Science textbooks should have lots of blank pages to represent all that isn’t known yet. Full science books seem to say “everything is known.” Obviously, books don’t have extra pages because it’s an unnecessary cost to publishers, and also, authors may not want to admit what they don’t know. In practice, leaving lots of blank pages would be a silly thing to do. But as an idea, it makes us more aware of the contingent nature of scientific knowledge. When something’s been printed and bound, it seems important, valuable, and credible. This idea about blank pages simply points out a basic truth about knowledge, especially scientific knowledge, that is easy to forget when confronted with these serious-looking physical books: that knowledge isn’t in the books. Knowledge can change faster than books or even, in a sense, the Internet. Anything that’s been written down in symbolic form is old knowledge. It’s not at the cusp of discovery. And nature doesn’t follow knowledge. It exists without it. We humans sometimes believe our knowledge to be more real than the physical world, that generalizations are more useful than particulars.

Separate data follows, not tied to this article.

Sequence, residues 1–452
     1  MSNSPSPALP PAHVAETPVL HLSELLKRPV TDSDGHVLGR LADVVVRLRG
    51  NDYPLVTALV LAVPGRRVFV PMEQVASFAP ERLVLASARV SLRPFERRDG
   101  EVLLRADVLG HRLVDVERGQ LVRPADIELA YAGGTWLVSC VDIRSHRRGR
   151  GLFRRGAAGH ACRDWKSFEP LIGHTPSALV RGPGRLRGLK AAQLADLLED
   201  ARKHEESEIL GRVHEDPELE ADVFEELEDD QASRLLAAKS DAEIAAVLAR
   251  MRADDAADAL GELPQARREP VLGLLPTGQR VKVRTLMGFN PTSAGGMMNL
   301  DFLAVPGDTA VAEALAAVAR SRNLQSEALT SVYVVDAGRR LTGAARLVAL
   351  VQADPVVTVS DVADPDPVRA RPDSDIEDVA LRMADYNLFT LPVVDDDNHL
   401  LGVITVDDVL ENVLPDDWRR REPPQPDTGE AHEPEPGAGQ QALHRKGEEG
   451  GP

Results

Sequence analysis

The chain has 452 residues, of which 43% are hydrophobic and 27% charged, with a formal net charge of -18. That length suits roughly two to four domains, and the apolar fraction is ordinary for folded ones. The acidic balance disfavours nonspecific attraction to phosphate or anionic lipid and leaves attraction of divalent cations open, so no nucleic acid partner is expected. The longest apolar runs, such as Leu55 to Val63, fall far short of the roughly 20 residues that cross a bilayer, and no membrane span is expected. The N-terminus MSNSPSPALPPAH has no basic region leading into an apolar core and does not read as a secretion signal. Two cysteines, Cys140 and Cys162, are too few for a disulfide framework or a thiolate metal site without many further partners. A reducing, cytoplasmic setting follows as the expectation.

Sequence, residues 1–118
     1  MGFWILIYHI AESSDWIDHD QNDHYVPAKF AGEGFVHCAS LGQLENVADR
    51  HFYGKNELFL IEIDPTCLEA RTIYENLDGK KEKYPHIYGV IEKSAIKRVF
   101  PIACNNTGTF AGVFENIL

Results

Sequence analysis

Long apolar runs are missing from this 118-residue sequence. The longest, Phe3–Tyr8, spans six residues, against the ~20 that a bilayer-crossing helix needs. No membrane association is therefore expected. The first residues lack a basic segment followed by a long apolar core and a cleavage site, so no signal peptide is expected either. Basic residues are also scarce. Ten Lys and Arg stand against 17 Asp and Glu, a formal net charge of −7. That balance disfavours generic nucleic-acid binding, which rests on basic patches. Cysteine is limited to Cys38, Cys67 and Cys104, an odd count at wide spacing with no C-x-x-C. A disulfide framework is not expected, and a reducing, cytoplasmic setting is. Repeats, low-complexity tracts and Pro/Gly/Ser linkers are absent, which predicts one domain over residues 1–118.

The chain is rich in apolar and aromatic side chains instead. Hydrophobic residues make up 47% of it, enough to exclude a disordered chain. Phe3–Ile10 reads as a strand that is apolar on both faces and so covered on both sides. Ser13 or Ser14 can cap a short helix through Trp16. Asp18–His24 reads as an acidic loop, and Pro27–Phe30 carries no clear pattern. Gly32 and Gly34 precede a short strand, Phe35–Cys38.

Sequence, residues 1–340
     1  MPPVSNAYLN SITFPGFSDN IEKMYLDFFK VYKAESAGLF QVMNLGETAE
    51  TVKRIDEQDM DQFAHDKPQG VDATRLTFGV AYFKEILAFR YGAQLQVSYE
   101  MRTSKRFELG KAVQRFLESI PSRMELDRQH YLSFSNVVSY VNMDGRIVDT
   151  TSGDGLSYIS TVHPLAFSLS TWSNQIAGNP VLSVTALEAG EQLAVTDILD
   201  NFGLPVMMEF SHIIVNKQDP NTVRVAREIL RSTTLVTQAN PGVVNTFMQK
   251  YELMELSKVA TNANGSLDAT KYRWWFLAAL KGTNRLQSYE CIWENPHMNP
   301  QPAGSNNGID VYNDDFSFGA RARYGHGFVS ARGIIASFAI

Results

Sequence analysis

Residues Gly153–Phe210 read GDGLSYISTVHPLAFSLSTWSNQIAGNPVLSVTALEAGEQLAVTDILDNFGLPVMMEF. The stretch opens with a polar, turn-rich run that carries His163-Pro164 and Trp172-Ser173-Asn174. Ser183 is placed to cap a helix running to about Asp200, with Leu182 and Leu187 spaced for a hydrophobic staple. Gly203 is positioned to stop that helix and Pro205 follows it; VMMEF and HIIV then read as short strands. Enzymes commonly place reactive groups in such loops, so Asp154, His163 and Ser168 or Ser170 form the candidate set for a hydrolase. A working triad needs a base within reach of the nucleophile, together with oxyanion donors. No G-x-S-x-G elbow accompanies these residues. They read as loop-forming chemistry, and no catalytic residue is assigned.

— Mh, journal, 8 Aug. 2009